Cat bites should be considered the most dangerous, as the Pasteurella bacteria commonly found in the feline mouth, are extremely hazardous to birds. Even a simple puncture by a tooth can result in a fatal infection. Scratches from claws are also extremely dangerous, as the risk of infection is very real.
Any animal bite should be considered extremely serious, possibly life-threatening. The bacteria found in the saliva and the mouth of a mammal can cause fatal septicemia (infection in the bloodstream) of a bird.
6. Toxic Foods or Plants
There are some foods which can be very toxic to our birds.
- Chocolate, metabolite theobromide, is very toxic to both animals and birds. Although baker’s chocolate and dark chocolate are the most toxic, milk chocolate is still a forbidden food for birds.Caffeine is metabolized differently in birds which also results in toxic compounds so caffeine drinks such as coffee, tea and sodas should not be given to our birds. Avocados are toxic to birds, with perhaps the skin and pit being the most dangerous parts.Raw onions should never be fed either.Many indoor and outdoor plants and trees can be toxic, even fatal, to birds. So when in doubt, throw it out. Find out more about toxicities.
7. Hand-Feeding Mistakes
Unweaned baby birds should not be sold or given to inexperienced hand-feeders as many babies die needlessly because of handfeeding mistakes. It is not necessary for a baby bird to be hand-fed by the family purchasing it in order for it to become “bonded” to them.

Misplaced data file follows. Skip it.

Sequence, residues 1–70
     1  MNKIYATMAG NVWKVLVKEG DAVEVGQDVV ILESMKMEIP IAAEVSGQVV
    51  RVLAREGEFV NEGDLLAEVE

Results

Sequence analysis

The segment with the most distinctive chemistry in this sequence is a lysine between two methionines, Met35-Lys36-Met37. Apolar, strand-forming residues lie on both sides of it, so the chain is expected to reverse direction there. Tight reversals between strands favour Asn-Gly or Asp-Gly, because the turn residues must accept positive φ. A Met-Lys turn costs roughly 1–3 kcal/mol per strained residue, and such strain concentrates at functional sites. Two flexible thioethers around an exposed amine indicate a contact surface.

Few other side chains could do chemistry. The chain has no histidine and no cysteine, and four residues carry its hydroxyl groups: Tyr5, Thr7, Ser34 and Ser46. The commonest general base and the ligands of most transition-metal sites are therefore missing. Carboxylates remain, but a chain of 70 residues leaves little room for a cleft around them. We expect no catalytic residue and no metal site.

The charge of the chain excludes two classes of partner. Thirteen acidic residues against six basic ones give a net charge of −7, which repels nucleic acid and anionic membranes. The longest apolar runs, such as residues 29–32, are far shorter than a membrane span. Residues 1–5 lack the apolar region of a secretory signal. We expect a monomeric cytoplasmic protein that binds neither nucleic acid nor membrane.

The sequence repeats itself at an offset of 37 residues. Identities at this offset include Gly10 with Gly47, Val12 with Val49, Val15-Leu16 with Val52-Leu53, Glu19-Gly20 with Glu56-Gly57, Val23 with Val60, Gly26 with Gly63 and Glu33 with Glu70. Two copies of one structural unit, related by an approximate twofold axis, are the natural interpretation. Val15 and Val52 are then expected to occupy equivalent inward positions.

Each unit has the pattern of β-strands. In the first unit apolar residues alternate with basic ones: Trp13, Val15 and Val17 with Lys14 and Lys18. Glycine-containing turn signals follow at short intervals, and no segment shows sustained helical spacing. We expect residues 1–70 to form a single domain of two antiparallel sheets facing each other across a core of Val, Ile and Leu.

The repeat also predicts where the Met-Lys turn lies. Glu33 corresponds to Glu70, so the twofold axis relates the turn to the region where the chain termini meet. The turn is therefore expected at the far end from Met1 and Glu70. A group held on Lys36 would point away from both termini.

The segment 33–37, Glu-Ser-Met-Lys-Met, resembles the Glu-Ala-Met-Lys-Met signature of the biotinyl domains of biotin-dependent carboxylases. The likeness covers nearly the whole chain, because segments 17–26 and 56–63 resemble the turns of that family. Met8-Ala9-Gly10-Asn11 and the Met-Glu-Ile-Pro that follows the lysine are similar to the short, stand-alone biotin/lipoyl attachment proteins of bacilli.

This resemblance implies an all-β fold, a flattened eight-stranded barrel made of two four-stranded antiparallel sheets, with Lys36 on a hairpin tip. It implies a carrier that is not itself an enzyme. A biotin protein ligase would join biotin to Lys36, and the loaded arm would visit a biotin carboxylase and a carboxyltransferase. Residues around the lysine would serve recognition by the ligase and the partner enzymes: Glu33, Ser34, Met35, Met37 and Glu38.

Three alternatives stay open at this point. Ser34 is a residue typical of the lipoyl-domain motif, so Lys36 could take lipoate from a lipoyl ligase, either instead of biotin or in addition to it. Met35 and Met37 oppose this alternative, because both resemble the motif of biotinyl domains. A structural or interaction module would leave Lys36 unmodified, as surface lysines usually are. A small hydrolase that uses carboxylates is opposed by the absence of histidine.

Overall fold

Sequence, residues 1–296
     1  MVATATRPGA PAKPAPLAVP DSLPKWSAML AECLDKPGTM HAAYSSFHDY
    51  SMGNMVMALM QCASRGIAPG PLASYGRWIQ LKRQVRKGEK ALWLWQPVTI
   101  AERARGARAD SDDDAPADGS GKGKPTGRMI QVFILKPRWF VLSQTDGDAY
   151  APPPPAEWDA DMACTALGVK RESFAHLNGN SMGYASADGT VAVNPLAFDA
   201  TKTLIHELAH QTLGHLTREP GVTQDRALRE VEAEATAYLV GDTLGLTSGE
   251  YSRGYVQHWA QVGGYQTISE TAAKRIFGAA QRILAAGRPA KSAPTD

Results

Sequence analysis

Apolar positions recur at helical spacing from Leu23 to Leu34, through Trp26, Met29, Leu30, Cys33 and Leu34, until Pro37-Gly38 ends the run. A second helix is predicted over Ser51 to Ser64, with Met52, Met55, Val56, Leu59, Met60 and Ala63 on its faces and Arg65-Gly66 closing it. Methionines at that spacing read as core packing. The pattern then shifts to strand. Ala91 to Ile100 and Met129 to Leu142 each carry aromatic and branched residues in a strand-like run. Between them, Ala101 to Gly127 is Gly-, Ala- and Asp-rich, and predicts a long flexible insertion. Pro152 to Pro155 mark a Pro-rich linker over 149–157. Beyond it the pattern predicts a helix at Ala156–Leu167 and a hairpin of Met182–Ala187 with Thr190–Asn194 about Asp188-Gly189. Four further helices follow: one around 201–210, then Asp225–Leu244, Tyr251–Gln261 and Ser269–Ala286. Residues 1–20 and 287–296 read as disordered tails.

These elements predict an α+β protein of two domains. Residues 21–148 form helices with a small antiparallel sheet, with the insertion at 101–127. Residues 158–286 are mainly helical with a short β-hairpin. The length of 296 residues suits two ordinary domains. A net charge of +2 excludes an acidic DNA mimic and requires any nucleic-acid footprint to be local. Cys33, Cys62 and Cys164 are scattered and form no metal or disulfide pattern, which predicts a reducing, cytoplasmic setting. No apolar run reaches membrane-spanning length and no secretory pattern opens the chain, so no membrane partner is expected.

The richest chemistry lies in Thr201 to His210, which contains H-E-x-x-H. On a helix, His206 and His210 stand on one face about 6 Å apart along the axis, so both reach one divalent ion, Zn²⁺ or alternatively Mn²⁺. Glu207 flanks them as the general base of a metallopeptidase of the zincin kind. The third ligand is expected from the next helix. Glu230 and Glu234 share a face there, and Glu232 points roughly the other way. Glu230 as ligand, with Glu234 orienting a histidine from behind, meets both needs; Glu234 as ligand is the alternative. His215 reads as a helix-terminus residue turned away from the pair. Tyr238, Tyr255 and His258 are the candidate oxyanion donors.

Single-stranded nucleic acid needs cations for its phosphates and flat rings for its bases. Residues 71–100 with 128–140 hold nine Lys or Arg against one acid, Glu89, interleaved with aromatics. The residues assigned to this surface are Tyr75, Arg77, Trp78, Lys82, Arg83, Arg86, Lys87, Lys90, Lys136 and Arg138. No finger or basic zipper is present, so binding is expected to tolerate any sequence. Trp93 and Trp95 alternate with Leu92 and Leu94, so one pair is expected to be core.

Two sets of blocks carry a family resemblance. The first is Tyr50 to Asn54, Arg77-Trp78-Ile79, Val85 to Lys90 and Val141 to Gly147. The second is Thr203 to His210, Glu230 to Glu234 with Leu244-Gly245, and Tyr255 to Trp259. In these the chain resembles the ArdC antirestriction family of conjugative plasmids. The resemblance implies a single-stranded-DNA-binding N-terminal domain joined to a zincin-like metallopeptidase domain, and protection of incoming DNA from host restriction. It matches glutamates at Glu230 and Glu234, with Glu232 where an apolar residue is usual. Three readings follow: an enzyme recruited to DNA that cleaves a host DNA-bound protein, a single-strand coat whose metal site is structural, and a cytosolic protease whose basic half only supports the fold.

The most common mistake is probably keeping the baby at the incorrect temperature. Food that is fed at too low of a temperature can result in a slowed down gastrointestinal tract which can be fatal if not corrected in time.
Babies who are forced to eat may struggle and end up inhaling the formula which results in aspiration pneumonia. If a large amount of food is inhaled, the baby will die immediately, but if a small amount of food ends up in the respiratory tract, the aspiration pneumonia may result in the baby suffering for days, trying desperately to breathe before it dies. Bacterial infection, fungal infection and polyoma virus infection are the most common infectious diseases in baby birds, all can prove fatal, and are often not found in time by inexperienced handfeeders.
8. Exposing Pet Birds to Infectious Diseases
Unnecessary contact with other birds should be avoided at all cost!!! Many diseases of birds are airborne. A bird can carry a disease and be able to pass it to others without ever appearing ill.
Proventricular dilatation disease (PDD), chlamydiosis (psittacosis), Psittacine Beak and Feather Disease (PBFD) and pacheco’s disease may all be spread by birds that appear healthy in physical appearance. Giardia, a one-celled protozoal organism, can be spread by a bird ingesting food or water contaminated by the droppings of an infested bird. Exposing your pet bird to other birds, especially outside of your family, should be avoided whenever possible, or kept to an absolute minimum.